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May 30, 2014

Did You Know . . . About Our Compease Bridge?

Filed under: Compease,Compensation8:59 am

Keeping your Compease system up-to-date and aligned with your payroll system doesn’t have to be difficult or time-consuming!  Compease has a built-in Data Bridge Tool that makes systems’ communication a breeze.  HRN Performance Solutions offers a total of four options to help with this data upkeep:

  1. With the no cost option, the User Guide and a spreadsheet are sent to you, enabling you to configure and run the data bridge any time that is convenient for you.  
  1. HRN’s second option provides assistance with the initial setup.  HRN will configure the setup, run the initial import, and provide training to you or your staff for a fee of $150. 
  1. The third option consists of the data bridge configuration, set-up, and the updating of your Compease system.  This is performed either as a one-time service or on an annual basis, thus completing the entire process for a fee of $250. 
  1. Our last option allows you to send your file directly to us on a twice-monthly basis.  We do all the work for you!   This option requires a signed Bridge Service Agreement (BSA) and is processed for a fee of $600 annually, which is added to your regular renewal. 

If you are interested in any of these service options or would like additional information, please contact HRN Performance Solutions at (800) 897-3308.


May 29, 2014

BYOD and Distracted Driving – Making the Connection

Filed under: General HR Buzz,Safety2:13 pm

Some workplaces have begun encouraging employees to BYOD, “Bring Your Own Device” to work.  The use of smartphones and tablets are common and necessary in most businesses to enhance accessibility and communication.   BYOD, the practice of employees using their own mobile electronic devices for both personal and business purposes, has become more accepted as the workforce evolves into a more technologically advanced age.  With this new practice comes new risk.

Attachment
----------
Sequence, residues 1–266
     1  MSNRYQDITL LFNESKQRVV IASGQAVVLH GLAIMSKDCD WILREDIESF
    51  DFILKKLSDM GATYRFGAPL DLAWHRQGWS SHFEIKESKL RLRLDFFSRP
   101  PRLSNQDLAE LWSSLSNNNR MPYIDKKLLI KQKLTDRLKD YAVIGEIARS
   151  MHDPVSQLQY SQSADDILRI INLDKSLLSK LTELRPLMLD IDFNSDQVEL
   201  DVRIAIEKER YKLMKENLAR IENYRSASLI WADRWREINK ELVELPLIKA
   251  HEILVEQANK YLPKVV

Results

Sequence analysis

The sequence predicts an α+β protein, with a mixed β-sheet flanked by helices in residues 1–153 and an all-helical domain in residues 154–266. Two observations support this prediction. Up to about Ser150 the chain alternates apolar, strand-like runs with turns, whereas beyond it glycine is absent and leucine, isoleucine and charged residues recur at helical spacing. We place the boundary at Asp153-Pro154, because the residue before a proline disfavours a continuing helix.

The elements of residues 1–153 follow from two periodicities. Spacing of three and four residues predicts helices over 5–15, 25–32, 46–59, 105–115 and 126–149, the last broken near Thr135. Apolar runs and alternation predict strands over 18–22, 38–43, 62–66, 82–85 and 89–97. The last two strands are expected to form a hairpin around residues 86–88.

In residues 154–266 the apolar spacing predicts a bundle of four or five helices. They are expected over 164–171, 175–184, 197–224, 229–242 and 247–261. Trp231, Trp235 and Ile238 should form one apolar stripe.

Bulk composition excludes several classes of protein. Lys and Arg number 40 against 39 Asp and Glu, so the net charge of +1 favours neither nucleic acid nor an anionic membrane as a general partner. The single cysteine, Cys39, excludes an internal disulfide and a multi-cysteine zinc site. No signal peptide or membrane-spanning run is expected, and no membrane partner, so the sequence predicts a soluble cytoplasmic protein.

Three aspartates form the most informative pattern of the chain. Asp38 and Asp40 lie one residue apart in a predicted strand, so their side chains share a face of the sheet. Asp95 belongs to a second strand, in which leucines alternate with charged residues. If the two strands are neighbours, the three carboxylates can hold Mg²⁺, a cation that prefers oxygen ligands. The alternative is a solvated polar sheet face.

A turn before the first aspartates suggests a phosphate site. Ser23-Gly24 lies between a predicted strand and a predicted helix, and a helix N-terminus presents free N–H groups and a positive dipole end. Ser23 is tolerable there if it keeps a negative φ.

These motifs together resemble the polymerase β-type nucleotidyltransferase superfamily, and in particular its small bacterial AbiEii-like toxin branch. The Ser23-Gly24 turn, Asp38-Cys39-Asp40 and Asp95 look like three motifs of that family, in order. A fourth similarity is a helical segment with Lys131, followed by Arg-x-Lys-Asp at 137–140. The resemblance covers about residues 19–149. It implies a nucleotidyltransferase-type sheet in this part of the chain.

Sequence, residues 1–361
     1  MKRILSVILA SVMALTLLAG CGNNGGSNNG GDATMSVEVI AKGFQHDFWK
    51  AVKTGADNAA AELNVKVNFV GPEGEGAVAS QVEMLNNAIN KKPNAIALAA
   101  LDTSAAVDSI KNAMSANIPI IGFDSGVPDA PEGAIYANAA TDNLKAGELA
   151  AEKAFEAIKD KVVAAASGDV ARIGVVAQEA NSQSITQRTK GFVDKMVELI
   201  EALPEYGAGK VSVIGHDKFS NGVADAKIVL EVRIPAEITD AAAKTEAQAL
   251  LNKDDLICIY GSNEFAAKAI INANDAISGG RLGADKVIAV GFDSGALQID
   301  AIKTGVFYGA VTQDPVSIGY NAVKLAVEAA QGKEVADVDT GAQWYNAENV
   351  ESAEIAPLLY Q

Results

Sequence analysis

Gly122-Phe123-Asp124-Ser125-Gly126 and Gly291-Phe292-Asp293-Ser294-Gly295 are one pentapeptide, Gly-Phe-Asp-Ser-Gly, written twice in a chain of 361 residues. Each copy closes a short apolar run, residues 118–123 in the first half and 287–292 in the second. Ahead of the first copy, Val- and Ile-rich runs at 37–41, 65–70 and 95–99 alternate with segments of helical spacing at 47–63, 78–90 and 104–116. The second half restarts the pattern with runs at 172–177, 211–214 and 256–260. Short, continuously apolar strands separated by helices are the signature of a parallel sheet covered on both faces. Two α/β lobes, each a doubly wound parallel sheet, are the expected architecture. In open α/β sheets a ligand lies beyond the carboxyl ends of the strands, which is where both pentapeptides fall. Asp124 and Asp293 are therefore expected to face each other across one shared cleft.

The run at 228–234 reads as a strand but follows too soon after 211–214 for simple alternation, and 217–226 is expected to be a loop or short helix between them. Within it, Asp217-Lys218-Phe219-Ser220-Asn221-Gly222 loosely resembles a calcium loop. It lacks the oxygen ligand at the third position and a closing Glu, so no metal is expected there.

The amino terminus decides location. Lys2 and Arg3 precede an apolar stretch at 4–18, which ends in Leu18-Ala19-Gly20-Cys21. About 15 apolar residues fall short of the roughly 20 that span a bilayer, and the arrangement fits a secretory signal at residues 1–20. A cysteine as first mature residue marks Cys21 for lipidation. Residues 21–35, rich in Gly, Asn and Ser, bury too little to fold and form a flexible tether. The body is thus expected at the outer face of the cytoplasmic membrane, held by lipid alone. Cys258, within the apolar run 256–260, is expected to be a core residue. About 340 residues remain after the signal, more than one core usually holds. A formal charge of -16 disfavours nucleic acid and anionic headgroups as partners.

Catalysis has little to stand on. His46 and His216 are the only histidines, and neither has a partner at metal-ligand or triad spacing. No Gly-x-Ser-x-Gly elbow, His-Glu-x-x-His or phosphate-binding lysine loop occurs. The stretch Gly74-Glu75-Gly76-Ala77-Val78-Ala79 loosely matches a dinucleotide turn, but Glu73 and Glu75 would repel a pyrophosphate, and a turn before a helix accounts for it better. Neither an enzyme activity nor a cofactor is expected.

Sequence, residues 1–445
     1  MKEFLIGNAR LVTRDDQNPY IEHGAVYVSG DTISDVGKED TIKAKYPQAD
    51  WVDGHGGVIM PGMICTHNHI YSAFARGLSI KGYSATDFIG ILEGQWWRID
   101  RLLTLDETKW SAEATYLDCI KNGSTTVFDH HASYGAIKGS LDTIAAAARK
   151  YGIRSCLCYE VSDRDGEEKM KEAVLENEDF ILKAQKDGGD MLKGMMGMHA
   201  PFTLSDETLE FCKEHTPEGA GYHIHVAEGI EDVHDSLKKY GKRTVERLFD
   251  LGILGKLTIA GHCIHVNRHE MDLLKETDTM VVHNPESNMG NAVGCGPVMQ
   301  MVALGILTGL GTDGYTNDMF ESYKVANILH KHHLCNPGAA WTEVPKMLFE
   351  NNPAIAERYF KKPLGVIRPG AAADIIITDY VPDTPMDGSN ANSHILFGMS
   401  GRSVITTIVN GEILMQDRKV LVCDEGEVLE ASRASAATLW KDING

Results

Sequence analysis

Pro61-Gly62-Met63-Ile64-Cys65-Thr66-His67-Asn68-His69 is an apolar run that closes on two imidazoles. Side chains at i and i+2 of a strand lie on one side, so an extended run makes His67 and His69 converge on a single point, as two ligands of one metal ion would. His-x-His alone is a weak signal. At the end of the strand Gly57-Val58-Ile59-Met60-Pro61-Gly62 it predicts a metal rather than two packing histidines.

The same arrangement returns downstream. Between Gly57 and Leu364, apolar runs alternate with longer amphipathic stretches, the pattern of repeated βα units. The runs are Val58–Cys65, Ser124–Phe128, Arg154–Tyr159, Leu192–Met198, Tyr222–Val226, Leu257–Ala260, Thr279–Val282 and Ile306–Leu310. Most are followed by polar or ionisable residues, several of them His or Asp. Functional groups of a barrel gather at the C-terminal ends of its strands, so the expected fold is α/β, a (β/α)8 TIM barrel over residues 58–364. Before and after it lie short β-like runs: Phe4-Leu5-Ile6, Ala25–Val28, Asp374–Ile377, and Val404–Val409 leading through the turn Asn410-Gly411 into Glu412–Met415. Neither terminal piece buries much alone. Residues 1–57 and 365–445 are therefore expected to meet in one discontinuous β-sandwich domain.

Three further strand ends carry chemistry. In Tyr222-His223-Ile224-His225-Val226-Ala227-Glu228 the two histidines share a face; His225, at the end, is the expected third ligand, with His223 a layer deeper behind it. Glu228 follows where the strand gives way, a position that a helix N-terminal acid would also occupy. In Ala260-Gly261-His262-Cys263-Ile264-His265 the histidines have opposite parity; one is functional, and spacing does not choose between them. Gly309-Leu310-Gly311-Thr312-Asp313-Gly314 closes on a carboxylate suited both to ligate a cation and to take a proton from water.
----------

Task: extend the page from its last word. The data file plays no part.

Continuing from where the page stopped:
One such area for BYOD workplaces, is making the connection of acceptable use of such mobile devices and driving safely.  The fact cannot be overlooked that distracted driving is at epidemic levels, much of it due to the use of electronic devices while driving.  Implementing a BYOD/distracted driving policy should reflect in part, that regardless of ownership of the device, employee or employer, certain restrictions shall apply such as:

  • Prohibiting the use of a hand-held device while operating a motor vehicle, to include answering and making phone calls; reading and responding to email; sending or receiving texts;
  • Requiring employees to drive to a safe place to park the motor vehicle to use a cell phone or other mobile device;
  • Changing voicemail greetings to inform callers that the phone will not be answered nor will messages/calls be returned while the employee is driving. 

It is noteworthy, that just because an employee is using their personal device, an employer can still be liable for an employee’s distracted driving that has fatal consequences.

Having a policy is a great start, but it needs to be enforceable.  The policy should be clearly stated so that it is not difficult for the average employee to follow, nor should an employee be punished for not answering the boss’s call immediately while driving!


Sources:   DiBianca, Molly.  “The Role of a Distracted-Driving Policy in a BYOD Workplace.”  Available here.


May 22, 2014

Four Times Is a Charm, or Is It?

Filed under: ADA & Disability,Legal Issues4:03 pm